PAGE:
The Festive Advert Phenomenon

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The Festive Advert Phenomenon

Hannah Chima discusses the purpose of Christmas adverts and their effect on consumers

Are festive adverts really worth it? When we watch them, how do we feel? Some of the adverts, for example, John Lewis’ The Bear and the Hare, stick with us for many years. But do we really feel like going out and buying from the advertised stores? As heart-warming as these adverts are, it does not seem that their message converts into sales, but rather the extent of their impact goes no further than our engagement with the ad.

Seasonal advertising is big business, and this year is no exception. The adverts are more ambitious than ever. John Lewis have tried to impress with Moz the Monster, Sainsbury’s have gone for the down-to-earth collaborative song and Aldi have opted to base theirs on one of the most talked about films of 2017, Murder on the Orient Express. Meanwhile, Asda have adopted for a tour around the ‘Christmas’ factory, M&S see Paddington giving Santa a hand and Morrison’s focuses on the novelty of good food and family during the festive season.

For the most part, this excitement around seasonal advertising revolves around the main supermarkets, and big retailers such as Argos and John Lewis. So what do they really get out of it? John Lewis,for example, according to OK! Magazine, spend roughly £1 million on their festive advert, followed by £6 million on the advertising. Whilst the supermarket adverts can have an impact through the entire festive season, by the time that the John Lewis advert is on, many shoppers have already found their bargains, and clinched some last minute sales on Black Friday. Also, several of this year’s adverts, such as Sainsbury’s and Lidl, give little indication of what they offer in terms of making their products stand out. As far as this is true, how influential can a seasonal advert really be in enticing shoppers?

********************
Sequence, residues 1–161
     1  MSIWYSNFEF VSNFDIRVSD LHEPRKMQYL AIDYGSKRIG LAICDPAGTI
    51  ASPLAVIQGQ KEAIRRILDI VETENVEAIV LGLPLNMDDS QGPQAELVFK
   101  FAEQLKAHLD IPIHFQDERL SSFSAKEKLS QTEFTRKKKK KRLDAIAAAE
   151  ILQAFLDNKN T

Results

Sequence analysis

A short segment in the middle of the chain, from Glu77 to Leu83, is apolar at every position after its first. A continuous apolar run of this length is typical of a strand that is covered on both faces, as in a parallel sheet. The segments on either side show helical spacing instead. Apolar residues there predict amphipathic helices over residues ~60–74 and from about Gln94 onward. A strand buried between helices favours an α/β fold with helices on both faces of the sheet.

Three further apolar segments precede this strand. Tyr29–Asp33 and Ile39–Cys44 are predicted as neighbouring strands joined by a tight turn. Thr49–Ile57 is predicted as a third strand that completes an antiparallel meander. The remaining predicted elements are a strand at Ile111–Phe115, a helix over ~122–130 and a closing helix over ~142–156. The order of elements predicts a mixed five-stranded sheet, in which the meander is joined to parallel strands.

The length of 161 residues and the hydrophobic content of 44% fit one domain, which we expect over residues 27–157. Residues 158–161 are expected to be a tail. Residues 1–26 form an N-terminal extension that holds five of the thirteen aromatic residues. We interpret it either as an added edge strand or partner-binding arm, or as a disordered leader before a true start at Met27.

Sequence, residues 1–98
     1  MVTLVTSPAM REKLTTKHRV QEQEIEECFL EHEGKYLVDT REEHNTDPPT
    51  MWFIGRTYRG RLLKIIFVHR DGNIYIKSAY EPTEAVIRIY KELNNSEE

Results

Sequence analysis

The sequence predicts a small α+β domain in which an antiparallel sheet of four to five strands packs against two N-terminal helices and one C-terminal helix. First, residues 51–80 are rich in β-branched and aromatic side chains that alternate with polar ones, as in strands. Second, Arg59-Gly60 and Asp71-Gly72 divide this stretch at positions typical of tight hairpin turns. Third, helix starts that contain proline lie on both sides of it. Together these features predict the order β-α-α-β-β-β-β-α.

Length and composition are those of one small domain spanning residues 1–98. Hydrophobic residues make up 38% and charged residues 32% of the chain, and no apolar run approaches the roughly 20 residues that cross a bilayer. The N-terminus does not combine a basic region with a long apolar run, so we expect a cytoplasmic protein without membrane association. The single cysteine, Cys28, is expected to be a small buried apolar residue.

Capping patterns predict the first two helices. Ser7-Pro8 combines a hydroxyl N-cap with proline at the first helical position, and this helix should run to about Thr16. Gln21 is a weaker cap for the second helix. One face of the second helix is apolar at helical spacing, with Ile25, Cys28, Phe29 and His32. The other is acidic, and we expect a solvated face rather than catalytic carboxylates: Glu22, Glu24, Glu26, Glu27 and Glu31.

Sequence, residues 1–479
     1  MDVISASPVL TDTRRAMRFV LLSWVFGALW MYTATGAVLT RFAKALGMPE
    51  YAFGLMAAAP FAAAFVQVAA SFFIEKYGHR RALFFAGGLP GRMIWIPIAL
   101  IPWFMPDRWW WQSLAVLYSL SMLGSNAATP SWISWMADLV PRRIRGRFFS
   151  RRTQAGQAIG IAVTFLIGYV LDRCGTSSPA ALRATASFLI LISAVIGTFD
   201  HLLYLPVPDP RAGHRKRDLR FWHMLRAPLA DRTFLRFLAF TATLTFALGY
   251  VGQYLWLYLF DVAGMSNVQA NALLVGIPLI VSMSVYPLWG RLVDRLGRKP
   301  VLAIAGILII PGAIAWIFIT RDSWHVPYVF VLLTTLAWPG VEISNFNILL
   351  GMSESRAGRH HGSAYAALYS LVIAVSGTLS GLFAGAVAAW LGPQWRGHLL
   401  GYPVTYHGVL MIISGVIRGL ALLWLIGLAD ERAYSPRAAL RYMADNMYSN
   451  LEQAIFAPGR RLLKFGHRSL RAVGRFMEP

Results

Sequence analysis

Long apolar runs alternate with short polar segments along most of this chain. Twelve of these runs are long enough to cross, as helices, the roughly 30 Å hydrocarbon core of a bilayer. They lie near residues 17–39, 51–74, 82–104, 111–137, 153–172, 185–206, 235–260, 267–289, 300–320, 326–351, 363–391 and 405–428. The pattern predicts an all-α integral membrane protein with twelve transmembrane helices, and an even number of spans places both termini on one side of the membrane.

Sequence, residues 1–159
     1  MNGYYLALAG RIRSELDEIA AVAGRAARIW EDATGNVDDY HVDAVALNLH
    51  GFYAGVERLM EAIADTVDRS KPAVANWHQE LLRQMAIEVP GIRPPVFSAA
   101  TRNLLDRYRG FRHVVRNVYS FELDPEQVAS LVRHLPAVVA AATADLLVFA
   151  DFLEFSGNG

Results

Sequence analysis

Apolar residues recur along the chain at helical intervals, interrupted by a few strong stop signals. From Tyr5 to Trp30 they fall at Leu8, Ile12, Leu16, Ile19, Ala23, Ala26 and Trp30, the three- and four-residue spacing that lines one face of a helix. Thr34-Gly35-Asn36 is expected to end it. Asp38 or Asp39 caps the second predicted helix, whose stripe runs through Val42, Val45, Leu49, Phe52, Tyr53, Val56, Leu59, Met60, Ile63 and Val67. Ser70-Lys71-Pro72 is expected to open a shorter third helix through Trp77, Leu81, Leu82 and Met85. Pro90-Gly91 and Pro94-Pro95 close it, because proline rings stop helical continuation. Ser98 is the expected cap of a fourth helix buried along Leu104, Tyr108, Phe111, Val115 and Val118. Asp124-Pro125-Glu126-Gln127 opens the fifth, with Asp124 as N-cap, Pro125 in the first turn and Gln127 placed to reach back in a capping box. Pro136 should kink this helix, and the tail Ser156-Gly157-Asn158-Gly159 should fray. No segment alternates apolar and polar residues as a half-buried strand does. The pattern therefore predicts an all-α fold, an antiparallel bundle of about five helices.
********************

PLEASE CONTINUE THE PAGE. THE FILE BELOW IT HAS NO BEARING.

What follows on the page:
From a small survey that I conducted, it quickly became apparent that few people feel influenced by the adverts they watch during the festive period. Whilst from the survey Tesco came out on top as the most visited at this time of year, the M&S advert received the most praise. Along these lines, 75% of those who took the survey revealed that they did not think that the seasonal adverts influenced where they shopped.

So, can the great expenses on these adverts be justified? Probably not. They more often serve the purpose of instilling the festive spirit. Particularly with the supermarkets, people want tasty food that they know they can rely on, it is not the time to be taking risks and trying out new foods from different stores. If not this, we push the boat out and get our shopping from independent stores for example butchers, to make it an extra special time. This, however, does not mean we do not want to see the adverts that define the copious amounts of TV that we watch during the festive period.

We are left with this: expensive adverts not reaping the rewards supermarkets and companies want. The reality is that such retailers will continue to make seasonal adverts despite the fact that the numbers do not add up; ultimately, it seems it’s all about getting the brand out there and creating a buzz around the festive season.

The Festive Advert Phenomenon Reviewed by on December 14, 2017 .

Hannah Chima discusses the purpose of Festive Adverts and their effect on consumers

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